For those of you that aren’t regular readers and found this blog post from the Library Day in the Life wiki, a little back story…
I was an academic law librarian for a little over five years. I was very happy in my career, but in retrospect, things didn’t always…fit. Then one day out of the blue, John Mayer offered me a job as the Director of Content Development at the Center for Computer Assisted Legal Instruction (CALI). Actually, it was a lot like Charlie’s Angels except John doesn’t send me out on secret missions where I have to dress in elaborate costumes and then beat people up.
I’ll leave it up to you, Gentle Reader, to decide if I’m still a librarian or not. I feel like what I do in my job furthers what are (or should be) the one of the ultimate goals of libraries and librarians (i.e. making information available and accessible) and I also use more of my librarian hard skills (e.g. knowledge of information containers and needs of users) than I did as an “official librarian”, but I also feel very disconnected from Libraryland. As I mentioned in my year in review wrap up post, I lost my tribe last year and I’m still struggling to figure out where exactly I am welcome and who my people are. I notice on the Library Day in the Life Round 8 List that just about 1% of participants work for a vendor or publisher so maybe I’m not alone in my struggles.
As in past years, let’s start from the very beginning of my day. To wit, I wake up. I’m still not a morning person and I still greet each morning and the fact that I must get out of bed as an unspeakable tragedy. After a quick check of email and slug of coffee, I start my day. One surprising benefit of my new job is the wardrobe. All my previous jobs were business casual at a minimum and on days I taught I aimed for professorial. Now…I basically have to be clothed. It’s amazing how the freedom to wear jeans to work makes mornings so much easier. (And on days where I’m not quite feeling well or have things to do at home? I can telecommute. SCORE.) I rely on public transportation for my commute – which was a huge adaptation – but I’ve now got my system down where I know when I have to leave the house to get to the train station without having to rush.
I hate having to rush.
Especially in the morning.
After a (leisurely) 20 minute walk and 17 minute train ride then a 5 minute walk, I arrive at my office. I’m still not really awake at this point and would just assume avoid all human contact, so I hide in my office and check my RSS feeds (which cover web 2.0 news, education tech news, legal information blogs, AALL listservs and some library blogs) and my twitter feed. I had a hard time at first deciding if it was appropriate to spend time at work doing this – when I was an academic librarian I chalked it up to “professsional literature” time. But now I realize that I still need to stay up to date with trends and news in these worlds so that my employer can direct its activities accordingly.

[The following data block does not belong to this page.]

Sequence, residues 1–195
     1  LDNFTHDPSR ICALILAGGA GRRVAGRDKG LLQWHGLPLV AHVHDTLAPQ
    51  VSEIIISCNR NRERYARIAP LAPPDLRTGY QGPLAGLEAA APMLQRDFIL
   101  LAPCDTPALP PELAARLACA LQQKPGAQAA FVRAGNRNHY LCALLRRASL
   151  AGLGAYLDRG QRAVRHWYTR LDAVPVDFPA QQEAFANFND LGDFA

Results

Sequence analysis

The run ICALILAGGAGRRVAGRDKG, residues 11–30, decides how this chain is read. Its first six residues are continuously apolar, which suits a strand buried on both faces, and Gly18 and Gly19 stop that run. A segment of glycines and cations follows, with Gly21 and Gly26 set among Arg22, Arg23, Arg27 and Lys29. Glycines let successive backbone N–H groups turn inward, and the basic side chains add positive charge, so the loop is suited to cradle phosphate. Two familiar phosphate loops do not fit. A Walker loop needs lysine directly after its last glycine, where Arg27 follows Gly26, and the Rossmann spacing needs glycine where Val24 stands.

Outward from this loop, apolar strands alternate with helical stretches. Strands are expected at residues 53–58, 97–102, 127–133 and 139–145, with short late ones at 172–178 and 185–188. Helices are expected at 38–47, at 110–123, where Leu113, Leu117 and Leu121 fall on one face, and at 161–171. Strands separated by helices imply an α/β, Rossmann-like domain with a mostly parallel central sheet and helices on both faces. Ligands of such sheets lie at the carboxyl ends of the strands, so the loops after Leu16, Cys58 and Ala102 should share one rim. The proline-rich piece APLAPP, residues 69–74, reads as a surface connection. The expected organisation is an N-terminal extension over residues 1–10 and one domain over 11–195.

As for the rest of the day, it depends. I have some pretty divergent job duties and I’m like an iPhone…I do one thing at a time and do it well but trying to run multiple things at a time…just isn’t a good idea. So to pick one day and just list its activities wouldn’t quite be a full picture. The following are all activities that I did during the Day in the Life Round 8 week, grouped roughly by subject.
CALI Lesson Editing/Sheparding
The product that my employer is most known for is its lessons. These are written by law professors and librarians and cover a wide range of topics. They act as study aids and course materials/supplements for law students. I oversee the Legal Research lessons, which are about 15% of the total amount of lessons we offer. I didn’t realize how much quality control was done on these lessons until I had to do it. This week I…
- Received reviews from our editorial boards of some lessons that are in the pipeline. We use an anonymous peer review system, so I went over the reviews, stripped out identifying details and sent them on to our authors.
- Prepped some legal research lesson proposals for initial approval and review. We have rounds of legal research lesson proposals and one ended on Friday, February 4. This led to a flurry of activity in talking to prospective authors, making sure their proposals had all the required parts and then getting them posted to an internal site where a committee of law librarians can review and offer comments on them. (I’ll have to being the process of trying to organize a conference call with 9 people on Monday.) Some proposals are accepted, some are accepted with proposed revisions and some are rejected with encouragement to resubmit with changes. It’s definitely not a cake walk to be able to author a lesson for us. If lessons are accepted, I’ll draft a contract and send it off to the author.
- Wrote up and sent off a contract for a lesson revision, which was the culmination of a process similar to the above, but not quite as arduous.
- Processed a contract from an artist that we use to create the drawings you see in the lessons. If you ever want to see them, as part of the contract CALI puts a creative commons license on them and then posts them to flickr for anyone to use. Check them out and help yourself.
That’s pretty much all I did in the Legal Research lesson area this week. Some weeks if I have a new lesson coming in I do a review of them for content and then send my remarks to the author for either required or suggested changes to the content of a lesson. If it’s a lesson towards the end of the editorial process, I go through the lesson’s images and contact the copyright holder of them (for example, screenshots of a Westlaw database would be owned by Thomson Reuters) and ask for permission to use.